In one of those fortunate coincidences, a gentleman up in Anacortes was offering a set of good wire wheels with nearly new tires to fit an MGB on craigslist for $200, and since I desperately needed tires, I emailed as soon as I saw the ad. Fortunately, I was the first to be able to get to his house–the GT now has new boots.
Now that I don’t have to worry about the tires disintegrating, I’ve been able to really drive it. The car has a nice engine with good oil pressure, and the car drives very well. The GT is much pinker and frayed than the photos from my cruddy digital camera imply, but it’s a very straight and solid car. Here it is posing with my 1963 MGB–both cars were built in April; the white car in 1963, the red car in 1967.
The carburetors on the GT were amusingly "tuned". The car ran, but not very well, and the carbs are the easiest place to start. I’m not convinced that whoever had last been fiddling with them had any idea of what they were doing…the front carb was fully rich and the rear carb was completely lean. (They don’t average out, so this isn’t a great strategy for a good running car.)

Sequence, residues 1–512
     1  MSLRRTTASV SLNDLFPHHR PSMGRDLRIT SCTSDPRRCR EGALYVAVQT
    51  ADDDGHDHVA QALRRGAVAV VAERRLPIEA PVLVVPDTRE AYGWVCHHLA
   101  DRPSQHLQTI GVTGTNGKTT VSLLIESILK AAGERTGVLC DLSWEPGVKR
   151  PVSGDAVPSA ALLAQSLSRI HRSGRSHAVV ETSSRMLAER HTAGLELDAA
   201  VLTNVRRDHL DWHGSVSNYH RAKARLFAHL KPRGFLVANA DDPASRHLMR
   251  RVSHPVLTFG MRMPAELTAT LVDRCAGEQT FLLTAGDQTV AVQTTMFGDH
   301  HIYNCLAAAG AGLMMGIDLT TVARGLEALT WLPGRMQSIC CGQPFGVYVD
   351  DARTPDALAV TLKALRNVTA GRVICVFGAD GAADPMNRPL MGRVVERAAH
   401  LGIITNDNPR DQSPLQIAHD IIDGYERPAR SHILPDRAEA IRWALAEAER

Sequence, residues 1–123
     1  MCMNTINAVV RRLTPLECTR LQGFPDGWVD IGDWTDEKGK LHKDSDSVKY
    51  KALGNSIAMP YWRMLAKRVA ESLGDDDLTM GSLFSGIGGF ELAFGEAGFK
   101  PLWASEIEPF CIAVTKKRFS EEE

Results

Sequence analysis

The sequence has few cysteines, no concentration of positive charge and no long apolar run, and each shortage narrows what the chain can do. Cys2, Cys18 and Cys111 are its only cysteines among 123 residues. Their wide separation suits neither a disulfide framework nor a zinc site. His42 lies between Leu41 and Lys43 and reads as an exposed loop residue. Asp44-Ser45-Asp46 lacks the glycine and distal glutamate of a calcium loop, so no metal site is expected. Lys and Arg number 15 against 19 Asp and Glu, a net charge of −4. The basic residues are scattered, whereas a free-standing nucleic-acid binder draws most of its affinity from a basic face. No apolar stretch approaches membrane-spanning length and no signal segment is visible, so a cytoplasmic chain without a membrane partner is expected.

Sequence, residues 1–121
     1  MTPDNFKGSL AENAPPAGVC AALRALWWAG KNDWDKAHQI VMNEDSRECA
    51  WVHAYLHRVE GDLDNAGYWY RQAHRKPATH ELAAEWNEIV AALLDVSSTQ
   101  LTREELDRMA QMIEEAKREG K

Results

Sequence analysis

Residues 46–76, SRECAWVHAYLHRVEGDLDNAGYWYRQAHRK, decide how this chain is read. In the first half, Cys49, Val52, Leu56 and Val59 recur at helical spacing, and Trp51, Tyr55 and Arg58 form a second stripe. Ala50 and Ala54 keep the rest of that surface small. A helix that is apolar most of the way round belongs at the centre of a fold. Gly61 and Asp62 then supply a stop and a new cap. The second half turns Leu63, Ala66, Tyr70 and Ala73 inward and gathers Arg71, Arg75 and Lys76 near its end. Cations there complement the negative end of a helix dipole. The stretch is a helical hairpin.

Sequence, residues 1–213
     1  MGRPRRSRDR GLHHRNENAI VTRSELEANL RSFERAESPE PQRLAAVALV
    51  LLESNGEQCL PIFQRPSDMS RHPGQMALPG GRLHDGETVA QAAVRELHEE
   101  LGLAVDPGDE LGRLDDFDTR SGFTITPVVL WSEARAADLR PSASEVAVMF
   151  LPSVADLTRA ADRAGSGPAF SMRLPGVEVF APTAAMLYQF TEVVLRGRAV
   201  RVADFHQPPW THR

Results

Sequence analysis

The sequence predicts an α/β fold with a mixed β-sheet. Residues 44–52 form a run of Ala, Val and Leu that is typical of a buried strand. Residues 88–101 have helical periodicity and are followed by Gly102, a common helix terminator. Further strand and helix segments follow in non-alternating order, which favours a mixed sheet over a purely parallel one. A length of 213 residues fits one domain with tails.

Setting SU carbs is not a particularly black art (though getting them perfect can be; but "good enough for road work" is easy). The technique?
- Check and adjust the throttle linkage so both carbs start to open at the same time;
- Adjust the carbs so both are sucking the same amount of air at idle, and then adjust the idle speed to something reasonable;
- Test the mixture by using the piston lift pins, and adjust from there.
That’s it. Keep in mind if your throttle shafts are worn you’re going to have a lumpy idle and a mixture that’s hard to adjust, no matter what else you do. If they’re bad, get them replaced.
For step three, I find it’s good practice to reset the mixture to factory spec and then tune from there. These particular carbs aren’t in all that great a condition; I’ll rebuild the set I just took off the white car (which is sporting a newly rebuilt pair from my spares stash) this coming winter.